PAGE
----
Sims Medieval: Pirates and Nobles Preview
Sims Medieval spices things up by throwing some pirates into the mix.
Sims Medieval took the franchise in a new direction by giving you more purpose and direction through quests. It also gave you a chance to earn rewards, as well as the ability build up your kingdom and, ultimately, fulfill your ambition. The Sims Studio is already expanding on this with Sims Medieval: Pirates and Nobles, an adventure pack that will give players more quests to play and the choice to play as a pirate or a noble. At the EA Summer Showcase in Redwood City, we were able to see what it was like to sit on our throne of pirate booty.
The expansion doesn't increase the size of the world, but the pirates of Aarbyville and the nobles from the land-locked nation of Tredony find their way to your kingdom and set up camp. As always, the pirates and nobles are at odds with one another, so as the ruling monarch, you do what any good neutral ruler would do: You pick a side. You still have access to the professions from the main game, so you can branch off at any point in time to pursue the pirate's life or a higher standard of living as a noble. Our demo began by giving us a view of what a pirate- or a noble-themed room would look like. You have the ultrafancy ornate decor that comes with being a noble and the pirate's room that is littered with eye-catching treasure and a variety of wooden furniture.
As a pirate, you'll have access to do pirate-y things like dig for rare treasure and own a parrot. You can name your parrot, feed it, and then promptly send it off to attack some poor unsuspecting sim. There are treasure maps that you'll come across, which can lead you to a pile of slime-covered gold or a tentacled monster. In our demo, we were lucky enough to avoid the monster for the most part, but for the sake of our entertainment, our monarch jumped into the monster pit for a good thrashing. Swordfighting is also a key feature to the game, and it seems like that is what the nobles tend to do in their spare time. As always, you'll have access to an extensive wardrobe, and we were told that a patch will come out before the expansion ships to give everyone the ability to add makeup to their sims.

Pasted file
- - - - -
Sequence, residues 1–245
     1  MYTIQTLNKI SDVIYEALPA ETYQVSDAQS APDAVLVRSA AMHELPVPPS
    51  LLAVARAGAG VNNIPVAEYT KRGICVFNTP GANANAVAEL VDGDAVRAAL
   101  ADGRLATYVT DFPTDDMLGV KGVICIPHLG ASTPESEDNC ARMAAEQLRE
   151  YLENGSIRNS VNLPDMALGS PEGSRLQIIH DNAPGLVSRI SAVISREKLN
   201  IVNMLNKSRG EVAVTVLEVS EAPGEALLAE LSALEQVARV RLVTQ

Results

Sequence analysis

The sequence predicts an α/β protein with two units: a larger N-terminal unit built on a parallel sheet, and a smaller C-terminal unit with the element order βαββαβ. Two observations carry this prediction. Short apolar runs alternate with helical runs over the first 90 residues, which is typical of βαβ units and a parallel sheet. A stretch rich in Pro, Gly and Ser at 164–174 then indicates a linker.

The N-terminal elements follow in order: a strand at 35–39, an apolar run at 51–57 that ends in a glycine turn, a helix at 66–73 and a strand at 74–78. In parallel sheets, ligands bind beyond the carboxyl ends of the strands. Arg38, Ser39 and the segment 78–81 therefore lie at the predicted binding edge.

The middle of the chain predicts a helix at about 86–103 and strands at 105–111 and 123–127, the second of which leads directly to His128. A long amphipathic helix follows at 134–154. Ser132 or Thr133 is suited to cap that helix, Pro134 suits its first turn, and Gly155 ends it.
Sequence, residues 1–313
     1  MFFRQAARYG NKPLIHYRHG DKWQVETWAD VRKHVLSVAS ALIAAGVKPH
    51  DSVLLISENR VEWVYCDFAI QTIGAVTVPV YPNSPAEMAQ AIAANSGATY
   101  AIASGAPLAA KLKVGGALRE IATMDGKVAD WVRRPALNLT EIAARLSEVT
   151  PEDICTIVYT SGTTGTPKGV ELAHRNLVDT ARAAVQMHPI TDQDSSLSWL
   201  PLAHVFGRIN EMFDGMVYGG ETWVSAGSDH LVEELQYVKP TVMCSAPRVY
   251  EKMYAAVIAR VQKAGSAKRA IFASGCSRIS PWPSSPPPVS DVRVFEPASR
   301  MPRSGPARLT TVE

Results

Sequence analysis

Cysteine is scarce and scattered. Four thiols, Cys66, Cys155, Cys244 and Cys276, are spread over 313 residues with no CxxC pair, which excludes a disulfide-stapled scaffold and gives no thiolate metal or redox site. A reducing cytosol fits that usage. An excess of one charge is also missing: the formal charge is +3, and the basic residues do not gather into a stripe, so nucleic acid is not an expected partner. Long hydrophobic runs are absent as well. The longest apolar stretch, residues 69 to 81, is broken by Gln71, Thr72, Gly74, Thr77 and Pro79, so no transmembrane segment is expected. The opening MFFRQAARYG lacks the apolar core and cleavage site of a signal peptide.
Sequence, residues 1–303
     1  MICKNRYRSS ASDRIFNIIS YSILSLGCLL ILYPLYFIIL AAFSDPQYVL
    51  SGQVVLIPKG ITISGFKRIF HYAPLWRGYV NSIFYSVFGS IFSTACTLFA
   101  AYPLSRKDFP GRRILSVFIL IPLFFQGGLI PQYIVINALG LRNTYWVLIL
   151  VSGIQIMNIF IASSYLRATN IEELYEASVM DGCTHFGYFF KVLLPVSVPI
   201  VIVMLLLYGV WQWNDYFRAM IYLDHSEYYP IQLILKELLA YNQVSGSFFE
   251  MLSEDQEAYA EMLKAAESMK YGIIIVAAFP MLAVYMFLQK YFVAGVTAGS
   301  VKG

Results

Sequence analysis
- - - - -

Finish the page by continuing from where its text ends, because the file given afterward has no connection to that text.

The interrogation chair is another feature that has been added; you lock up the closest (and most unfortunate) person you can find and use a variety of tactics to get information out of him or her. There are two meters to measure people's will and alertness, and you have to try to lower their will so that they will spill their secret while staying conscious. There are several forms of interrogation, and they range from tickling with feathers to unleashing the ferocious chinchilla. Some sims actually enjoy some of this torture, so you'll have to change up your tactics if it's not working.
Depending on how you approach the quests, we're told the additional content could take up to 25 hours to complete. It stays true to the spirit of the sims, with plenty of customization, goofy characters, and an endless number of things to do pass the time. If you've been waiting for a reason to return to the medieval world of the Sims, then keep an eye out for Sims Medieval: Pirates and Nobles when it is released on August 30.
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